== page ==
• I find it very handy to be able to quickly see the most recently modified/created files in a directory. Note that the "q" option will reveal any files with non-printable characters in their filename. Show Sample Output


    7
    ls -qaltr # list directory in chronological order, most recent files at end of list
    mpb · 2013-02-25 14:14:44 5
  • Display the machine "hardware name" 32 or 64 bit. "x86_64" is shown on 64 bit machines "i686" is typically shown on 32 bit machines (although, you might also see "i386" or "i586" on older Linuxen). On other "unix-like" systems, other hardware names will be displayed. For example, on AIX, "uname -m" gives the "machine sequence number". For whatever reason, IBM decided that "uname -M" would give the machine type and model. (ref: http://www.ibm.com/developerworks/aix/library/au-aix-systemid.html ) On Sun Solaris, "uname -m" can be used to determine the chip type and "isainfo -v" will reveal if the kernel is 64 or 32 bit. (ref: http://www.ibiblio.org/pub/packages/solaris/sparc/html/32.and.64.bit.packages.html ) A more reliable way to determine "64-bit ness" across different Unix type systems is to compile the following simple C program: cat <<eeooff > bits.c /* * program bits.c * purpose Display "32" or "64" according to machine type * written January 2013 * reference http://www.unix.org/whitepapers/64bit.html */ /* hmm, curious that angle-brackets removed by commandlinefu.com data input processing? */ #include "/usr/include/stdio.h" long lv = 0xFFFFFFFF; main ( ) { printf("%2d\n",(lv < 0)?32:64); } eeooff Compile and run thusly: cc -o bits bits.c; ./bits Show Sample Output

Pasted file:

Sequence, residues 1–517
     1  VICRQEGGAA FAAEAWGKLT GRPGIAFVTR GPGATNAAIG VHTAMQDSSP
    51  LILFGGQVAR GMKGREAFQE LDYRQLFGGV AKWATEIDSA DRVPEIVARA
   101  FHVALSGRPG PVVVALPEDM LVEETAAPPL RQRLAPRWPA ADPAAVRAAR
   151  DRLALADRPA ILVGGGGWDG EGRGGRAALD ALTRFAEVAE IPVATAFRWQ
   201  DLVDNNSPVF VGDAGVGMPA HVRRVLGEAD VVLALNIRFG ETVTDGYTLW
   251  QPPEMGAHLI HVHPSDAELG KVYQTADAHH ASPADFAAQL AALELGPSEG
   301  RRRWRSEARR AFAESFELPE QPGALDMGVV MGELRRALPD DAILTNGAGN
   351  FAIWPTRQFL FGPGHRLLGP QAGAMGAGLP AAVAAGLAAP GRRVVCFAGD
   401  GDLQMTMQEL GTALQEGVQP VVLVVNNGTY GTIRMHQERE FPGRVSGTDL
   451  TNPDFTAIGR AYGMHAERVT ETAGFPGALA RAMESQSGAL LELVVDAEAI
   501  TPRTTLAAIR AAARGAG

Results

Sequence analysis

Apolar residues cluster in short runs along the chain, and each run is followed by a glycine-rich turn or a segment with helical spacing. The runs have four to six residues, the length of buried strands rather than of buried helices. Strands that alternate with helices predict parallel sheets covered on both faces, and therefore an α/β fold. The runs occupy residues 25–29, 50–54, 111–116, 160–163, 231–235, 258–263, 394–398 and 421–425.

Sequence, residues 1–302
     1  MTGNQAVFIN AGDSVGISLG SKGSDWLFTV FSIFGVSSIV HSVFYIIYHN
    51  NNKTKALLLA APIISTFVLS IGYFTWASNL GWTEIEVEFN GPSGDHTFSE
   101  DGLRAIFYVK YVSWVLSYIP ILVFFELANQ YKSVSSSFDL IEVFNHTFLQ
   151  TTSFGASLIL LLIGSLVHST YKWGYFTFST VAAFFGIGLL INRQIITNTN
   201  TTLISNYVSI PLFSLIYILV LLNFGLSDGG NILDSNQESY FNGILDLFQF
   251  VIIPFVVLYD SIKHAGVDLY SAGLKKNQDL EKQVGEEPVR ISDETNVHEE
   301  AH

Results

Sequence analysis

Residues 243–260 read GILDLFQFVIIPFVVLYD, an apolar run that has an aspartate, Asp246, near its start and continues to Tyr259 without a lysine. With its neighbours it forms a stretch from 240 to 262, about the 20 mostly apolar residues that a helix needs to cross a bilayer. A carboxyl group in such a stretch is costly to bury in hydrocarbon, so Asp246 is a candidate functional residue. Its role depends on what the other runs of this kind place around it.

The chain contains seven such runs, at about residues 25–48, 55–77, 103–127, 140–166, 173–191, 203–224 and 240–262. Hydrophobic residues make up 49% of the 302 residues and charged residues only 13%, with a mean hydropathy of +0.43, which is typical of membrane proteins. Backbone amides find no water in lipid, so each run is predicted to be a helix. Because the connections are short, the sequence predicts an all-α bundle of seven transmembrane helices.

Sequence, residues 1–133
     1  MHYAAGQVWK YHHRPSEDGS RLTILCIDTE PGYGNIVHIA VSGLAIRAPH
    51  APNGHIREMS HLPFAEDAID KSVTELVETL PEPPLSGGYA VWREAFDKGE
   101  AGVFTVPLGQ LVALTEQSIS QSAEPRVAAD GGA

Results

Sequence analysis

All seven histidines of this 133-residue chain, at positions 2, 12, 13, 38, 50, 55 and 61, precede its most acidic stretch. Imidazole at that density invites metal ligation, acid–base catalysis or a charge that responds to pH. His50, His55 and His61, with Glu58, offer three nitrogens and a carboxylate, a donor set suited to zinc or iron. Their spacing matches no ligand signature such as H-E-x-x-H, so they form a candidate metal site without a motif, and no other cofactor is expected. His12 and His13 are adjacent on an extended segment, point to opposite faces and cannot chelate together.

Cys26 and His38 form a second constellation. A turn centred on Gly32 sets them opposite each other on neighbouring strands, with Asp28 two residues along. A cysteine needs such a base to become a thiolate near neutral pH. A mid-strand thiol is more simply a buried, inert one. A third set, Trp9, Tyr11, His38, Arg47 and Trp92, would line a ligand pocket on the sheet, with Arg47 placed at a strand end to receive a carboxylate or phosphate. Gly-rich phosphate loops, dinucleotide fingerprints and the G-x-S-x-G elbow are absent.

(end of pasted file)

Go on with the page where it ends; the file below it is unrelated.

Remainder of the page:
-4
    uname -m # display machine "hardware name"
    mpb · 2013-01-04 11:46:43 0
  • Display the holidays in December and January for UK/England (2012/2013). Most Linux distros have "gcal" in their package manager system. If not, it is available here: http://www.gnu.org/software/gcal Show Sample Output